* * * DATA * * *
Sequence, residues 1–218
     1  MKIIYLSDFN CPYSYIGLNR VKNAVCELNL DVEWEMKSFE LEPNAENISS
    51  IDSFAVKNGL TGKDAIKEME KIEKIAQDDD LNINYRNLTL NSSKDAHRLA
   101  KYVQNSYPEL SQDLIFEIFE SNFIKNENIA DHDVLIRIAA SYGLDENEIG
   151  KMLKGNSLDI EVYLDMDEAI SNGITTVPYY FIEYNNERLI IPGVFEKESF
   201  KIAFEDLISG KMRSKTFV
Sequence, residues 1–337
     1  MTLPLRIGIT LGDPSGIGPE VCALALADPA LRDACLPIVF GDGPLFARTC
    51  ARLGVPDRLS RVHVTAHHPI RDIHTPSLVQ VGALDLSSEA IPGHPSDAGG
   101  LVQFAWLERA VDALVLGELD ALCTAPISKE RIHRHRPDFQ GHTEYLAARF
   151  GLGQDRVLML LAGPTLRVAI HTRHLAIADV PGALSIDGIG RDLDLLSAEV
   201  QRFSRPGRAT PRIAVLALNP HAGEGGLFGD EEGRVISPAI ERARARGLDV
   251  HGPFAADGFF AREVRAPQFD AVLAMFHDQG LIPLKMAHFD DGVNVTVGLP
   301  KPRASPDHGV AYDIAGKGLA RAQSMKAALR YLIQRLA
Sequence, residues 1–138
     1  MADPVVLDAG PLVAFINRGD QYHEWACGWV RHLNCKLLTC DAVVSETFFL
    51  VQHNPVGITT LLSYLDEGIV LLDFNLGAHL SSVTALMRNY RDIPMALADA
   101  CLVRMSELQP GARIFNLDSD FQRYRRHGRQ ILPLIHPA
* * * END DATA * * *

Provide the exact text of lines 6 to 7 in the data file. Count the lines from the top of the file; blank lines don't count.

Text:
   201  KIAFEDLISG KMRSKTFV
Sequence, residues 1–337